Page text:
U.S. scientists have discovered a nanomaterial that can improve orthopedic implants and might lead to implants that can sense and report on bone growth.
For orthopedic implants to be successful, bone must meld to the metal used in artificial hips, knees and shoulders. Now Brown University engineers, led by Thomas Webster, have discovered a material that could significantly aid that process.
The researchers found a titanium surface covered by carbon nanotubes can produce faster, better growth of implanted bone-growing cells and an improved success rate for orthopedic surgery. The carbon nanotubes can even self-report, keeping physicians informed about the healing process, the researchers said.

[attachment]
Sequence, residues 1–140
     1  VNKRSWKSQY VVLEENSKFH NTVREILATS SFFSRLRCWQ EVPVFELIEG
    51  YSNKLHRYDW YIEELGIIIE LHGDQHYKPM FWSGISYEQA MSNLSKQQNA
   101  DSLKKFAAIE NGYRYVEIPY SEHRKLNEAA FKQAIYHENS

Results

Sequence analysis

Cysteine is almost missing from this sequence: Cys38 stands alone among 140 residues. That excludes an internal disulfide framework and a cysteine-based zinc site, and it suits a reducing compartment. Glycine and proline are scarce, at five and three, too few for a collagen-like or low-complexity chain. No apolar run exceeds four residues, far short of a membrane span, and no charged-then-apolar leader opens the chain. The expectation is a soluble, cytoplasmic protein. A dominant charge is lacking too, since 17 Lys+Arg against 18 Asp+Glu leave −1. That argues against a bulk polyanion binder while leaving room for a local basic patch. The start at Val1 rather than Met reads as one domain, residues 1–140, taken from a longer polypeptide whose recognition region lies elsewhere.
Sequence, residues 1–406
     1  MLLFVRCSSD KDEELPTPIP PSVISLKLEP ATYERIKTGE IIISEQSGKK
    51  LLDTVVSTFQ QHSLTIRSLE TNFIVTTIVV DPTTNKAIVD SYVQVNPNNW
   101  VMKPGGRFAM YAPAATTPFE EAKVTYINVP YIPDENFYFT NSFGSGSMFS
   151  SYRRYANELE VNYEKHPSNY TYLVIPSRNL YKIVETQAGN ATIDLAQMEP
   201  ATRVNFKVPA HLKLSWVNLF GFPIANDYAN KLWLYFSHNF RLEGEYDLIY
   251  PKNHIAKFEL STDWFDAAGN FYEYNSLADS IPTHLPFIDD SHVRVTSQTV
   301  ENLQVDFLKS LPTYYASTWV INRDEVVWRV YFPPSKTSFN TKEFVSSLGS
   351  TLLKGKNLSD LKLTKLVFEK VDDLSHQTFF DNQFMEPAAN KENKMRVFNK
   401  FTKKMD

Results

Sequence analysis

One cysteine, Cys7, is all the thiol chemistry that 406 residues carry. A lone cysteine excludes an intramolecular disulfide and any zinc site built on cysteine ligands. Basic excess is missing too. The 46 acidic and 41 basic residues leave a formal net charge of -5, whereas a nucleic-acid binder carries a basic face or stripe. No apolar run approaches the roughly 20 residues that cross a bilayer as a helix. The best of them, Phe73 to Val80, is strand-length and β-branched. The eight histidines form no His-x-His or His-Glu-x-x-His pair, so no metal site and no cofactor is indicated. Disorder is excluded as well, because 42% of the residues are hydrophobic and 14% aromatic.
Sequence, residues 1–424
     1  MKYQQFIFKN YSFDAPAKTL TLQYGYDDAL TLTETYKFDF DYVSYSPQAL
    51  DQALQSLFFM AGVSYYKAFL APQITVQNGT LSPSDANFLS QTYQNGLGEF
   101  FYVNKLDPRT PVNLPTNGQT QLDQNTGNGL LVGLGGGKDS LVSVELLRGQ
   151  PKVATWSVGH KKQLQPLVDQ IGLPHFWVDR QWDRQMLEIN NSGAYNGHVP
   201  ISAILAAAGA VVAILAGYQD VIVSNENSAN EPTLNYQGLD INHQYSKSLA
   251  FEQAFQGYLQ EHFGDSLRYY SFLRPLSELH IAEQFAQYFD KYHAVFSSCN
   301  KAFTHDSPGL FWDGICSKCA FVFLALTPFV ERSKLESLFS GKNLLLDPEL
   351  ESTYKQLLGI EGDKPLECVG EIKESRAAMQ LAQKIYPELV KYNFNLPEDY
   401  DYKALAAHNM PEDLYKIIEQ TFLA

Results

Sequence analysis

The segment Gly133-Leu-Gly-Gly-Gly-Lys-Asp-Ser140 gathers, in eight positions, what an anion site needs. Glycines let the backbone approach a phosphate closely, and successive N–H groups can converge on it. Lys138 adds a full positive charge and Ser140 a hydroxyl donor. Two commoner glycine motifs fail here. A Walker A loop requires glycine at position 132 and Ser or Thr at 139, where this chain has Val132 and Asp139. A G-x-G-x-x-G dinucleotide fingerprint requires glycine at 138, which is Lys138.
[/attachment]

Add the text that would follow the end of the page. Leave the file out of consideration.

The team took titanium — the most popular implant material — and anodized it, creating a pitted coating in the surface of the titanium. The researchers then applied a cobalt catalyst and subjected the samples to a chemical process that involved heating them to 1,202 degrees Fahrenheit. That caused carbon nanotubes to sprout from each pit.
The scientists then placed human osteoblasts, or bone-forming cells, on the nanotube-covered samples. The team found the bone cells grew twice as fast on the titanium covered nanotubes.